Cautious Unease

When you first meet him, Christopher Lehmpfuhl seems very clearheaded, at peace with himself. What he says sounds sensible. How is it then that this friendly young man, whose movements are so controlled, can paint such exhilarating pictures? After talking to him for a while, one begins to notice a kind of tenseness—the deep-seated, tenacious strength that impels him to paint picture after picture, tirelessly. Immune to fatigue and weakness, Christopher Lehmpfuhl paints for hours almost everyday, without rest, conjuring up the great theme of his art, again and again. Whether in Australia, Austria, or Berlin, his obsession drives him onward. There is no weather, no wind or rain, no extremes of steep mountains or dangerous cliffs that can hold him back. His painting style resembles a natural phenomenon.
Christopher Lehmpfuhl’s art is entirely of this world. He paints street corners in Charlottenburg in Berlin, snow-covered peaks in the Alps, and yellow rape fields in Uckermark. He has seen everything he paints with his own eyes; he identifies something worthwhile then realizes it in a picture. These motifs may often be unspectacular—like the corner of a house, a pond, a meadow with bushes—but they always bear the Lehmpfuhl signature.
Each picture takes shape directly in front of its subject. We can see whether it is raining, or if white clouds are passing over. The picture tells us whether it is noon or late in the day, whether there are stormy skies, or a light breeze rippling the ocean’s surface. We experience nature through the picture; we experience art with the artist. We feel what he feels, we see what he sees, and we sense the danger that threatens him—that he could easily fall. But that is also what makes these works so fascinating to us. It is a key aspect of his art: this open, honest feeling.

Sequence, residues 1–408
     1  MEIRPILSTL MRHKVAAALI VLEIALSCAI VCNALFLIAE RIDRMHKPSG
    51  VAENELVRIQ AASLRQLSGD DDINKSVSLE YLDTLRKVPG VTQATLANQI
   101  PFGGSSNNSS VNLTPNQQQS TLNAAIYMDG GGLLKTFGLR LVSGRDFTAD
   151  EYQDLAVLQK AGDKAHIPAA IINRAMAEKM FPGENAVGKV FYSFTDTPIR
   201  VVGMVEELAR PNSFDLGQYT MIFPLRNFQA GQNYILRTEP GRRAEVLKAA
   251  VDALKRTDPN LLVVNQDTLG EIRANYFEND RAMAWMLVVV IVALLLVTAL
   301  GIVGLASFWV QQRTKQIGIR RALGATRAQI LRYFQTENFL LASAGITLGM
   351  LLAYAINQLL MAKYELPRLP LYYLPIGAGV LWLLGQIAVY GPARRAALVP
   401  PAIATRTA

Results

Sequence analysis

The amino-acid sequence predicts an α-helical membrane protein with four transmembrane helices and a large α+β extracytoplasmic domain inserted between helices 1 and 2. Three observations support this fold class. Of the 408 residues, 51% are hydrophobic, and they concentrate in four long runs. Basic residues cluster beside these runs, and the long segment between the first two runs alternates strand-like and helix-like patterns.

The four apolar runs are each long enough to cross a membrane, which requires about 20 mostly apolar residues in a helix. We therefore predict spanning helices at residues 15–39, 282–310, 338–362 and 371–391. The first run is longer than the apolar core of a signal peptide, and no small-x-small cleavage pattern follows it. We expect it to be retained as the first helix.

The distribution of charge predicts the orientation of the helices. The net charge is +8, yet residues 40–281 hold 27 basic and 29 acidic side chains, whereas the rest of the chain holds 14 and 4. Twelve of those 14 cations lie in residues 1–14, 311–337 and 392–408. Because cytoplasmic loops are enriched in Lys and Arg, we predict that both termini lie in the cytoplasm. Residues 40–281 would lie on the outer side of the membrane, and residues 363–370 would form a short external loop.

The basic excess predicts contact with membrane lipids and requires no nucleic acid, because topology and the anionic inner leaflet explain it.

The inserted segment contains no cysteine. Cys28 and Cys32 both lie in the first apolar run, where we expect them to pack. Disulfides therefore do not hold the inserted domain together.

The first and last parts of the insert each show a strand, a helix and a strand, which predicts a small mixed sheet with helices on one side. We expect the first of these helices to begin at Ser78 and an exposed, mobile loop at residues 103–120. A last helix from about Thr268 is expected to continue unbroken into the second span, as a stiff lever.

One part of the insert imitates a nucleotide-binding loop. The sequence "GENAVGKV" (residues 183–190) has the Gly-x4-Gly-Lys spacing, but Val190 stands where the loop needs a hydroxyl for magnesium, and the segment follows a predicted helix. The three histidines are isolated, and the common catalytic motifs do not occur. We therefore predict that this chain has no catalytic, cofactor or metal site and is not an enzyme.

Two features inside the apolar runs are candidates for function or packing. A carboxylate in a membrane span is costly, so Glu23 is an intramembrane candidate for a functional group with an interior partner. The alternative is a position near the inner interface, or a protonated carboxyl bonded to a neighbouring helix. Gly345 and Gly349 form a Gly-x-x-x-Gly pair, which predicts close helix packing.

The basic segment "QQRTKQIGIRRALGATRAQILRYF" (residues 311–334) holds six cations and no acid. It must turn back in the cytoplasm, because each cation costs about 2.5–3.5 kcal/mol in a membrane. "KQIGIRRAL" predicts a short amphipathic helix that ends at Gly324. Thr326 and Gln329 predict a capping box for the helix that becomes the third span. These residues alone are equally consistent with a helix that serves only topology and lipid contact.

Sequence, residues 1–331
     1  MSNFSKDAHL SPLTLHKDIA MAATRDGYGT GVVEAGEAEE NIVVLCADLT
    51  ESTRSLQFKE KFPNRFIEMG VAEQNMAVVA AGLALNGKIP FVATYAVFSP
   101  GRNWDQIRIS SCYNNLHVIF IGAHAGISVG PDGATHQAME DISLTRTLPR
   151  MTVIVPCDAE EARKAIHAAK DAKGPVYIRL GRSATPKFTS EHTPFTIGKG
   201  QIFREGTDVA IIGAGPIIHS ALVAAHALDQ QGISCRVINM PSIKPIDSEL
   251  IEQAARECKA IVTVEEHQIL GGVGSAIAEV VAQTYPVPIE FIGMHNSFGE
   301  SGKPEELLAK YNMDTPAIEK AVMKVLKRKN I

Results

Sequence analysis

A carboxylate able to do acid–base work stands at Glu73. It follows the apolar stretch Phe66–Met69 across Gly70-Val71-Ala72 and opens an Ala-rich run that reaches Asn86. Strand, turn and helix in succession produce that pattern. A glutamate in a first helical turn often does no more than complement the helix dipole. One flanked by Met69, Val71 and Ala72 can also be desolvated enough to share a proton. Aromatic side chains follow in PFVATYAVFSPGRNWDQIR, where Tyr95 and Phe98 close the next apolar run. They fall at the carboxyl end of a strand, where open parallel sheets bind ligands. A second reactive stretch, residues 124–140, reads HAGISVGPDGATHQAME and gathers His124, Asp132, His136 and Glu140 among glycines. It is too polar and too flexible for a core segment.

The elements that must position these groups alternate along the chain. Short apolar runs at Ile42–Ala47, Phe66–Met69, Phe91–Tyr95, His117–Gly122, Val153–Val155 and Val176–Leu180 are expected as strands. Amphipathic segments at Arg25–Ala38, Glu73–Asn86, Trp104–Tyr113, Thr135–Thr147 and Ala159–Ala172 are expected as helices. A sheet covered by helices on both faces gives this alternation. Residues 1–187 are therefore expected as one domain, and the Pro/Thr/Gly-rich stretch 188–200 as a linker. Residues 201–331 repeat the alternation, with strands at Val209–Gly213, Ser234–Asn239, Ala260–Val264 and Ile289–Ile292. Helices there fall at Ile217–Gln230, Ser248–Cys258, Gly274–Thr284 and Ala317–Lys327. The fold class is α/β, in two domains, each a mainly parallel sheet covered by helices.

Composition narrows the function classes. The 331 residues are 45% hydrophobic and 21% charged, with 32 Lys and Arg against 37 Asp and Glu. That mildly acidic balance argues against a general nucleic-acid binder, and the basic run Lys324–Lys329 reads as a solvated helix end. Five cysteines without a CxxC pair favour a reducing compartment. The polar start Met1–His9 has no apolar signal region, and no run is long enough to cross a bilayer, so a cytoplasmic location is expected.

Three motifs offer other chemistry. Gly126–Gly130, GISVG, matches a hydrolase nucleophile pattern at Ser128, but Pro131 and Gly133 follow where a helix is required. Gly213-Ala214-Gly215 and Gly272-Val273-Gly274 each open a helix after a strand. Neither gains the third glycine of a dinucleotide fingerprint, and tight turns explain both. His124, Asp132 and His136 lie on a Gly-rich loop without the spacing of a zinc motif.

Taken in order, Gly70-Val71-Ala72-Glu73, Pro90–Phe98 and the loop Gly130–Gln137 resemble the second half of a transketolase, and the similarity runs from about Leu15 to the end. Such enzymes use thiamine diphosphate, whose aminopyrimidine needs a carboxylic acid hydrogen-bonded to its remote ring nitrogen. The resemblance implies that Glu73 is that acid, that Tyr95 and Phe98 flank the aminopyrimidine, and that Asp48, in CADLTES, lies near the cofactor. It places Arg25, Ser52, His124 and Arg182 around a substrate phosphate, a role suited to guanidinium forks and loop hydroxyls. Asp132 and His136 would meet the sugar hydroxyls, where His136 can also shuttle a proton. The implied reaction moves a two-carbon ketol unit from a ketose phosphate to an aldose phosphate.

When we describe the processes, intentions, and technical improvisations behind Christopher Lehmpfuhl’s paintings, it is hard not to think of Impressionist painting. But this would not do the artist justice, for he truly does not see the leisure society of the past—the cobalt blue and coelin in the sky, or the fine green nuances in the trees. Instead, he sees the insurrection of things.
He has 120 years of modern art history to draw on, beginning with Vincent van Gogh (the first artist to distort reality) and continuing up to the Expressionism of the Brücke painters, Munch, Soutine, the British painter Bacon, and Auerbach, and the dissolution of the entire painted world in Art Informel and Abstract Expressionism. Christopher Lehmpfuhl’s art is the world reassembled. His style of painting relies on what is left of representational art. His landscapes are marked by the fundamental contradictions of recent art history. The good old days are gone forever, because Expressionist painting has changed not only how we see, but more importantly, how the painter sees. The painter has been transformed into an artist and medium in one. And so he lets emotions roam free in the picture. He knows we are in danger. He sees the facades leaning precariously in Berlin, the extremely blue sky, the ocean brewing, people staggering, trees stooping. What he does not perceive is the peacefulness of a field. It is not in his nature to observe stillness and tranquility. His paintings are a far cry from self-satisfied still lifes. It is through their direct access to what he regards as essential that his message gets across. He recently began applying paint to his pictures with his hands in the final stage, with no brush or palette knife—spreading the paint, pushing it, smearing it, creasing it. This primary approach, this frenzy of colors, has inspired a new way of understanding the world for Christopher Lehmpfuhl.
Like the Old Testament prophets, proclaiming their one true message, he has this one true way of painting that is unique in today’s art. It is not always easy to understand. It can be rather awkward and sometimes it feels as if we are on a deserted island, but it shakes us up and it demands that we take a stand. It is not careless, nor is it in any way superficial. No one knows where his art will lead us, least of all the artist. Something new has come into this world. To know what this art signifies, or how to classify it, we first have to engage with it and appreciate it.

Klaus Fußmann

Translation by Michelle Miles